Tunisia election: Essebsi wins presidential run-off
Veteran politician Beji Caid Essebsi has been confirmed as winner of Tunisia's first free presidential poll.
He secured 55.68% of the vote in Sunday's run-off, defeating caretaker president Moncef Marzouki (44.32%), the head of the electoral commission said.
Mr Marzouki, a 67-year-old former exile, earlier refused to admit defeat.
Mr Essebsi, 88, has urged all Tunisians to "work together" for stability but critics say his win marks the return of a discredited establishment.
They point out that he served under President Zine el-Abedine Ben Ali, who was ousted in 2011 after the Arab Spring revolution triggered uprisings across the region.
Mr Essebsi was also in the cabinet of Tunisia's first post-independence leader, Habib Bourguiba.
Earlier on Monday, police fired tear gas in the southern city of Hamma to disperse hundreds of demonstrators who burned tyres in protest at Mr Essebsi's victory.
The results of the run-off vote were announced by the head of the electoral commission, Chafik Sarsar, who was visibly emotional.
It is the first time Tunisians have been able to vote freely for their president since independence from France in 1956.
Analysis: Naveena Kottoor in Tunis
Chafik Sarsar - the head of the electoral authority - was visibly emotional and his voice broke several times as he announced the winner of Tunisia's first freely elected president. The former law professor has been under intense pressure to ensure the voting period runs smoothly.
The man who will move into the presidential palace overlooking the bay of Tunis is 88-year-old Beji Caid Essebsi.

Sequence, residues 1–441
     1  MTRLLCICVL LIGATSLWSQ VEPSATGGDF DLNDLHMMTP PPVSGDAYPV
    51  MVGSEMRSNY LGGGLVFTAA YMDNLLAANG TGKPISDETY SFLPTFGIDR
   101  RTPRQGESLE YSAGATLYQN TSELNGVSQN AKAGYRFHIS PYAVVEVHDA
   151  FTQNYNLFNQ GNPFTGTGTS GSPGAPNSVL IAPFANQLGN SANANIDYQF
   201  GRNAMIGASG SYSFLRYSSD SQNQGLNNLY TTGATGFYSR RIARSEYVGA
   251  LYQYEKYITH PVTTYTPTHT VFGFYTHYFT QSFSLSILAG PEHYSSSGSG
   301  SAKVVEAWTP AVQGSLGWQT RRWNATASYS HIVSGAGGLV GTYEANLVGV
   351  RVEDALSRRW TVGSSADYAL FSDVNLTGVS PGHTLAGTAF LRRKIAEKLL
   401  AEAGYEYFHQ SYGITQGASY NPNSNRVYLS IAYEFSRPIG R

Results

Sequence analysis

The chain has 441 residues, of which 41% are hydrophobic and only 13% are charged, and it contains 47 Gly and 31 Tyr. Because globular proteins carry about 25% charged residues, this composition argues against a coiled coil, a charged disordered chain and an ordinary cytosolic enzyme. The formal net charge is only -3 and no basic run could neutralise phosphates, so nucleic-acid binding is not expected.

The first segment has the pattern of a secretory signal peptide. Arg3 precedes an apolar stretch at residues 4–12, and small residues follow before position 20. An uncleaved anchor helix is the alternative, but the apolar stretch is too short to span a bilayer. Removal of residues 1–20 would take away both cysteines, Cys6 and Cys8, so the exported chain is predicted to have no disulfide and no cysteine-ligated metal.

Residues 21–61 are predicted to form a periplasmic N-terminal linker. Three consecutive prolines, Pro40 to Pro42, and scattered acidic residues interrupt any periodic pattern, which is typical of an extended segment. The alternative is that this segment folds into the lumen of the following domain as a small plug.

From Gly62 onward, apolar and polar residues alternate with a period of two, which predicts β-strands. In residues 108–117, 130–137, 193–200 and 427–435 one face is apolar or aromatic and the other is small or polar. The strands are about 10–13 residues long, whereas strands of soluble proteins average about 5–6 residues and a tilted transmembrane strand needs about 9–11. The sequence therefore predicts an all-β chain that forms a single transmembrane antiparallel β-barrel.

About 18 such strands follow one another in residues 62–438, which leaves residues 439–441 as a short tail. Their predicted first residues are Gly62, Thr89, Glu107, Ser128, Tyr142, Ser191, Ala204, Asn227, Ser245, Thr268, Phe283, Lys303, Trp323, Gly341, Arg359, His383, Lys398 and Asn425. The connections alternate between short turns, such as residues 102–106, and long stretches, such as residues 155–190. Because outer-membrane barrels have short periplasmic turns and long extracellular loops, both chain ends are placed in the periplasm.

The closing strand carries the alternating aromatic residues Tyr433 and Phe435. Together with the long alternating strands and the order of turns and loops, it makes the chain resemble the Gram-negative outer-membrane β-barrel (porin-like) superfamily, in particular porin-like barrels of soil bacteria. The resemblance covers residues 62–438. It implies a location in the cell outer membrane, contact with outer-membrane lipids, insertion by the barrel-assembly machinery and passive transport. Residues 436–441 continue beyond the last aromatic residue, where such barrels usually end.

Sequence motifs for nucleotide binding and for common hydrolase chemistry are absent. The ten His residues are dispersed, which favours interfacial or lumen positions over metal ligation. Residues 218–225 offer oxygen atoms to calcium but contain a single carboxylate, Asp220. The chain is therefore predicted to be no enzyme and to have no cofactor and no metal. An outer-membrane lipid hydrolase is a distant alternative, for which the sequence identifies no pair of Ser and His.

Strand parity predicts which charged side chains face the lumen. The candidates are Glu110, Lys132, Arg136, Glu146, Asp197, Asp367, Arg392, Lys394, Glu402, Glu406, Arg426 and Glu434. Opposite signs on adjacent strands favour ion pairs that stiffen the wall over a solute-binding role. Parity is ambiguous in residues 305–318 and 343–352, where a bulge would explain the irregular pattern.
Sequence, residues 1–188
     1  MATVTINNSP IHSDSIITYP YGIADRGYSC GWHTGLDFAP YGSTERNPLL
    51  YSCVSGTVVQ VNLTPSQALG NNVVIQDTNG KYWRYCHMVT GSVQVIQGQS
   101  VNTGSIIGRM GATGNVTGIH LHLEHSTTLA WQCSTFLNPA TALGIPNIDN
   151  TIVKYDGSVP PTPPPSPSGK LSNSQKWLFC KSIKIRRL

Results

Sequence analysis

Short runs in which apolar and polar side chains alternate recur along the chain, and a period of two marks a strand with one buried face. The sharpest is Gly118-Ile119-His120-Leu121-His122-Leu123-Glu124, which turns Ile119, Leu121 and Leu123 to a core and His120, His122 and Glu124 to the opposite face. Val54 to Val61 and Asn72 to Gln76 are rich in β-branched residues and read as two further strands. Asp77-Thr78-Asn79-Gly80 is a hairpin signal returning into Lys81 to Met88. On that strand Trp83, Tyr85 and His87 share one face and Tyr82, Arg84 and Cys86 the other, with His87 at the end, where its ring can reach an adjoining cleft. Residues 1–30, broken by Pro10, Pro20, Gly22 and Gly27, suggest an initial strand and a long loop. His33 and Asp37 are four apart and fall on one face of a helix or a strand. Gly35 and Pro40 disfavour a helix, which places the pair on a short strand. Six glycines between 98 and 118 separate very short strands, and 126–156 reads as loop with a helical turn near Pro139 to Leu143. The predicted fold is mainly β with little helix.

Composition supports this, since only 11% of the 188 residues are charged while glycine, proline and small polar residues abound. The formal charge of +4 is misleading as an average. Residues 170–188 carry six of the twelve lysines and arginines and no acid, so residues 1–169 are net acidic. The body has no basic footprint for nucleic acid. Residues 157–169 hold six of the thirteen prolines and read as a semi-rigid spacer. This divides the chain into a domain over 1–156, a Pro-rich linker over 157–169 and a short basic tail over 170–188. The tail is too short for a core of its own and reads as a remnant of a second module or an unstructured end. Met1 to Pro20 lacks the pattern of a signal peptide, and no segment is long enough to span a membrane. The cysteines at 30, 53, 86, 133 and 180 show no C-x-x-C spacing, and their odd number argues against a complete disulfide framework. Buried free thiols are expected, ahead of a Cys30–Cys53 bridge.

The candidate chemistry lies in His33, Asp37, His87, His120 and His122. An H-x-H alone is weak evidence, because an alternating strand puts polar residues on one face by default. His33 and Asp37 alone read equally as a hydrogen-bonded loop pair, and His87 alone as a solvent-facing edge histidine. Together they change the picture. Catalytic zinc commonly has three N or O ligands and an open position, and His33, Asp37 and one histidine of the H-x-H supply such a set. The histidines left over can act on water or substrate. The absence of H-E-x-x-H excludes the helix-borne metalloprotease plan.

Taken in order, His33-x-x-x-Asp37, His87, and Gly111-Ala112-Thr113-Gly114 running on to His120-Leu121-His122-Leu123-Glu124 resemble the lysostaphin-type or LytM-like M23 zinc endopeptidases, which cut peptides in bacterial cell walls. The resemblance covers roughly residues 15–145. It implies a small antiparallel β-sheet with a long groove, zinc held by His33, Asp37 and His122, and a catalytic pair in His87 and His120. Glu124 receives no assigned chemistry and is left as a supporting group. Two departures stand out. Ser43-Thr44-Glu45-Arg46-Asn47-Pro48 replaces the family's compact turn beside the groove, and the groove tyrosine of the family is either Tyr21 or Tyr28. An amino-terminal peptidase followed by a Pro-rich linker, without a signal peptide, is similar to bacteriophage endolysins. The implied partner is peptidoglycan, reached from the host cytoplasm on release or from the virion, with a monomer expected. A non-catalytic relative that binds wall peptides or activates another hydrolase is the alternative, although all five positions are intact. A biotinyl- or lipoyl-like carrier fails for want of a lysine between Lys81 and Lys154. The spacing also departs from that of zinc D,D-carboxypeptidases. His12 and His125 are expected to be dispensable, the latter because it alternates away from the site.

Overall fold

The leader of the Nidaa Tounes, which has largest share of seats in the new parliament, has served under two autocratic presidents. Tunisians joke that he and his party represent the old regime, but with an injection of Botox.
Mr Essebsi is politically savvy and pragmatic and has to be credited for agreeing to enter a dialogue last year with his arch-enemies, the moderate Islamist Ennahda party, to resolve a political crisis at the time.
Mr Marzouki earlier criticised Mr Essebsi for declaring victory based on exit polls.
"The announcement of victory is undemocratic and we should wait if we want to be a state that respects the rule of law," he told supporters.
Mr Marzouki has been interim president since 2011 and is more popular in the conservative, poorer south.
He was thought likely to attract support from the moderate Islamist Ennahda party, which has played a key role in Tunisian politics since the Arab Spring but did not field a candidate.
'Martyrs of Tunisia'
On Sunday, Mr Essebsi appeared on television after polls closed: "I dedicate my victory to the martyrs of Tunisia."
"I thank Marzouki, and now we should work together without excluding anyone," he added.
Supporters danced and let off fireworks outside the headquarters of Mr Essebsi's secular-leaning Nidaa Tounes party.
Beji Caid Essebsi
- 88-year-old lawyer and politician
- Studied law in Paris
- Interior minister under Habib Bourguiba, Tunisia's first president after independence
- Speaker of parliament under ousted President Zine el-Abedine Ben Ali
- Interim prime minister in 2011 after the uprising
- Founder of secular-leaning Nidaa Tounes party in 2014
- Supported by Tunisian General Labour Union and some business groups
Mr Essebsi led in the first round of voting last month with 39% of the vote. Mr Marzouki polled 33%.
He is popular in the wealthy, coastal regions, and based his appeal to voters on stability and experience.
The new president will have restricted powers under a constitution passed earlier this year.
He will be commander-in-chief of the armed forces but can appoint or sack senior officers only in consultation with the prime minister.
The president will also set foreign policy in consultation with the prime minister, represent the state and ratify treaties.
Tunisia boosted security for the elections and closed border posts with Libya, which has been plagued by unrest.